North Atlantic Marine Weather Discussion

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AGNT40 KWNM 162005

.Marine Weather Discussion for N Atlantic Ocean 
.NWS Ocean Prediction Center Washington DC 
405 PM EDT THU 16 AUG 2018 

.FORECAST DISCUSSION...Major features/winds/seas/significant 
.weather for the North Atlantic Ocean W of 50W from 30N to 50N. 

The 1410Z Ascat overpass returned winds to 25 kt associated with 
the thunderstorms which were located about 60 to 90 nm southeast 
of Cape Lookout. Recent GOES-16 imagery and lightning density 
indicate that the system became outflow dominant, cloud tops 
warmed, and these cells have since dissipated over the last 
couple hours. There continues to be some scattered thunderstorms 
across the outer NT2 waters generally along a line from 31N 78W 
to 33N 72.5W, as well as more isolated area in the vicinity of 
35N 71W. Scattered thunderstorms are expected to continue to 
develop across the waters south of Hatteras Canyon and will 
expand northward across the Baltimore to Hatteras Canyons waters 
late tonight and early Fri. The latest HREF suggests that any 
thunderstorms which develop this evening and tonight will have 
tough time supporting any gale force winds at the surface with 
NAM/RAP soundings also indicating stabilizing mid levels. We 
will likely drop the mention of any winds in thunderstorms in 
this afternoons NT2 text forecast. 

The 12Z models are generally in good agreement across the west 
Atlantic for the next couple days. The cold front near the Maine 
coast will drop south tonight, stall near Cape Cod Fri, and then 
lift back north as a warm front late Fri and Fri night. Winds 
associated with the front should remain 15 kt or less through 
Fri, then begin to increase Fri night as low pressure moves 
northeast along the Maine coast and a stronger cold front 
approaches the coast. Meanwhile, high pressure will persist 
southeast of the NT2 waters into the weekend. Through Fri night 
we will use an even blend of the 12Z HRW-NMM and 12Z NAMNest for 
the wind grids.    

The 12Z models have not come into any better agreement with this 
weekends forecast, That is, with the cold front expected to move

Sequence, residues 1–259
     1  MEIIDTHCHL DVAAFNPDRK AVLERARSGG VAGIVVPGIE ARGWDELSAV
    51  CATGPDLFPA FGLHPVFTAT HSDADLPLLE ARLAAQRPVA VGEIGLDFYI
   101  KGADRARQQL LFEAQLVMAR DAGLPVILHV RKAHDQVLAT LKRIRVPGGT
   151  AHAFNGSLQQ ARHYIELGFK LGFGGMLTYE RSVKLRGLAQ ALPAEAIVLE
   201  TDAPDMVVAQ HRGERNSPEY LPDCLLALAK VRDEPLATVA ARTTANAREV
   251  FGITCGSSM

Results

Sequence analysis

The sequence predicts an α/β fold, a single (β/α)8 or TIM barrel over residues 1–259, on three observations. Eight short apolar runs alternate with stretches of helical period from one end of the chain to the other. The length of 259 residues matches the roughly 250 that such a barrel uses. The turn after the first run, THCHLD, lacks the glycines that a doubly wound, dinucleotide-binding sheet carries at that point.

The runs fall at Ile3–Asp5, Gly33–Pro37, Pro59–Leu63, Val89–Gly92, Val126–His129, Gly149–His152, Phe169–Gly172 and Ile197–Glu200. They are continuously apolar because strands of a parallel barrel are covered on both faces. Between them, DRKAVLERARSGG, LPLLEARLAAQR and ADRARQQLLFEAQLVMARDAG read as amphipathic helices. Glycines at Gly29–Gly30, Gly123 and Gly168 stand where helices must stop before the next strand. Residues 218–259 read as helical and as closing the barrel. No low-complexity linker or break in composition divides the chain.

south across the waters late Sat into early Mon and then the 
developing surface low along the stalled front across the NT2 
waters Sun/Mon. The 12Z GFS and 12Z UKMET are flatter and more 
progressive than the 00Z/12Z ECMWF with the low. The 12Z ECMWF 
tracks the low northeast to near Cape Cod late Mon and toward 
southwestern Nova Scotia Mon night/Tue, while the GFS/UKMET both 
show high pressure along the New England coast at least into 
early Tue. We have some concern that there will be more 
widespread 25 kt winds north of the front Sat night through Mon. 
Given the disparity among the models, we are again choosing to 
use a blend for the wind grids. We used an even blend of the 12Z 
GFS and 12Z UKMET, then increased the northeast winds north of 
the front by 15 percent or so Sat night through Mon night. These 
edits basically just expanded the areas of 25 kt winds somewhat. 
By Tue/Tue night, the models are generally consistent that 
another cold front will approach the New England and 
Mid-Atlantic coasts. We prefer ECMWF/UKMET which are more 
amplified with the upper level trough through the eastern US 

Seas: The wave height grids were mostly based on the 12Z 
Wavewatch. We did make some edits to increase wave heights by 
about 15 percent or so across the areas with the stronger 
northeast winds over the northern waters late Sat through Mon.  

Extratropical Storm Surge Guidance: No significant storm surge 
is expected through Sat. Late in the weekend, there could be 
minor surge that develops across the New England and northern 
Mid Atlantic coasts poleward of the stalled front in east to 
northeast onshore flow. This, of course, depends on how strong 
the developing low and associated easterly gradient become, as 
well as how persistent any stronger winds are. At the moment, 
given the model variability, our confidence in any one given 
forecast scenario is low. 


.NT1 New England Waters... 

.NT2 Mid-Atlantic Waters... 


.Forecaster Clark. Ocean Prediction Center.